One Customer Journey to Rule Them All? New CX leaders tasked with consolidating data across teams often make the same mistake. “If I could just get everyone into a room to agree to one unified journey map / tag taxonomy / KPI list / etc., then we’d all be speaking the same language.” Don’t do it. The conversation you’re hoping to have is full of landmines that prevent progress:

  • It’s speculative. Nobody knows the perfect way to describe your customer experience in advance, so discussions get driven by personality and politics, not data and collaboration.
  • It’s time-consuming. High-stakes CX discussions attract many stakeholders who can say “no”, but require consensus for “yes”. It’s easy to spend quarters getting to a compromise that leaves most teams unsure their needs are met.
  • It’s fragile. Let’s say you succeed in defining metrics that help you meet today’s challenges. Tomorrow brings new challenges — as many new challenges as you have stakeholders! Metrics need perpetual iteration, so they need a lightweight process to update.

Build a Rosetta Stone, Not a Rule Book. CX leaders can have more impact as translators than as governors. Support, Success, Product, Sales, and Marketing leaders are experts at solving very different problems. Helping them understand customers holistically isn’t a question of making them think differently about the customer journey. It’s a question of getting them information from every part of the journey that supports the way they already think.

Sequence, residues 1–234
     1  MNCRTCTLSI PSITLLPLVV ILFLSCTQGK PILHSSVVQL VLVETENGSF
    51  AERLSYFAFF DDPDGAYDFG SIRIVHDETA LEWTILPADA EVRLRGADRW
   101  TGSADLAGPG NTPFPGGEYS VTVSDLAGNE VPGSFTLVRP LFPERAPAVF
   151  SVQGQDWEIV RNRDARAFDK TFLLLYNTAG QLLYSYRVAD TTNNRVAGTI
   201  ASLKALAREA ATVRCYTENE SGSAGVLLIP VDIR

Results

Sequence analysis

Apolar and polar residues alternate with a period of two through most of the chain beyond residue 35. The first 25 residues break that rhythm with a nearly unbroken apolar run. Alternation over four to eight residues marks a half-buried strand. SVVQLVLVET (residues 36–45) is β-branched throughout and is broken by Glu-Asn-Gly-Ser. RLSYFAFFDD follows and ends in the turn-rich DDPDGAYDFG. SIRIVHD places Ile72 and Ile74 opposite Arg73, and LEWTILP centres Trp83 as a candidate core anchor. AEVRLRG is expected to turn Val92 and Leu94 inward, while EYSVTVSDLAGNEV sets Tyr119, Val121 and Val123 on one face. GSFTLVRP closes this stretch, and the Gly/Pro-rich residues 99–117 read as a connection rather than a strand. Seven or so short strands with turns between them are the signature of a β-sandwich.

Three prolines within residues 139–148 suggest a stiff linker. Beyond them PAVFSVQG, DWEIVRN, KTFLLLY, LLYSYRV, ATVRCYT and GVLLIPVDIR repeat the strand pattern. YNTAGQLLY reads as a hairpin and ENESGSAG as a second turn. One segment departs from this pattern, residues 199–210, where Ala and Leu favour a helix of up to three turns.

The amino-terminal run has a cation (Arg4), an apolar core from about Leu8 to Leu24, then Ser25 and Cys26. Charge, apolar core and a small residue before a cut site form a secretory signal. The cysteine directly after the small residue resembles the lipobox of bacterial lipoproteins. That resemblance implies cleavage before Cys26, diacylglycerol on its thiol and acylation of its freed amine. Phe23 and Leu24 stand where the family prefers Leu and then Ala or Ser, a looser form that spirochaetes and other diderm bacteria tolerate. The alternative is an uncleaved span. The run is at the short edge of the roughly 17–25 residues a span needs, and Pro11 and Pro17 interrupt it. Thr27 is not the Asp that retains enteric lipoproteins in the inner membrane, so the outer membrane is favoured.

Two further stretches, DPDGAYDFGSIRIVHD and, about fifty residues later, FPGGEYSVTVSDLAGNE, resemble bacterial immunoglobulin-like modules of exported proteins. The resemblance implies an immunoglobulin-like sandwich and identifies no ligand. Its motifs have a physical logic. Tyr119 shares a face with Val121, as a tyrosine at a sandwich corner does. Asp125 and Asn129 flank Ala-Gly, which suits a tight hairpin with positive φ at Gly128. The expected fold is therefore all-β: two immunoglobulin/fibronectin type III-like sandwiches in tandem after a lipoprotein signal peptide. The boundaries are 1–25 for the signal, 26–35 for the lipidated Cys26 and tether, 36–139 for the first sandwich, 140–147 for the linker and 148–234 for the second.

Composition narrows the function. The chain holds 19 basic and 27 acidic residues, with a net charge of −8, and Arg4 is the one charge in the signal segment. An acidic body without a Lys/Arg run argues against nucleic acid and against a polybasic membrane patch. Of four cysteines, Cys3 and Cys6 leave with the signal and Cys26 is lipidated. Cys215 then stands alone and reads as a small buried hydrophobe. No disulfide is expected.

Organic customer feedback is the currency of the Rosetta Stone, and something that all CX stakeholders can get behind. There’s a good reason that verbatims from customers describing their experience in context have always been high in demand. 

Metrics describing sentiment, customer effort, and internal costs are relevant to almost every team — but CX needs to align them with the journeys and decisions that each stakeholder team manages. Using Natural Language Understanding (“NLU”) to analyze organic customer feedback can play a key role in bringing data from different parts of the customer journey to every stakeholder.

High-Impact Metrics Drive Everyday Action

Once metrics are clearly aligned with goals and facilitate cross-team communication, CX should positively impact company strategy. But not all important decisions can wait for a strategic discussion.

Let’s revisit our hurricane. Forecasts based on accurate measurement help city and national agencies escalate their preparedness over the weeks and days leading into a storm. But they also help individual families stockpile supplies, protect their property, and make important decisions. It’s those millions of small-scale decisions that make the biggest difference towards a coordinated, lifesaving response.

How can CX measurement empower not just better strategic decisions, but better everyday decisions about individual customers?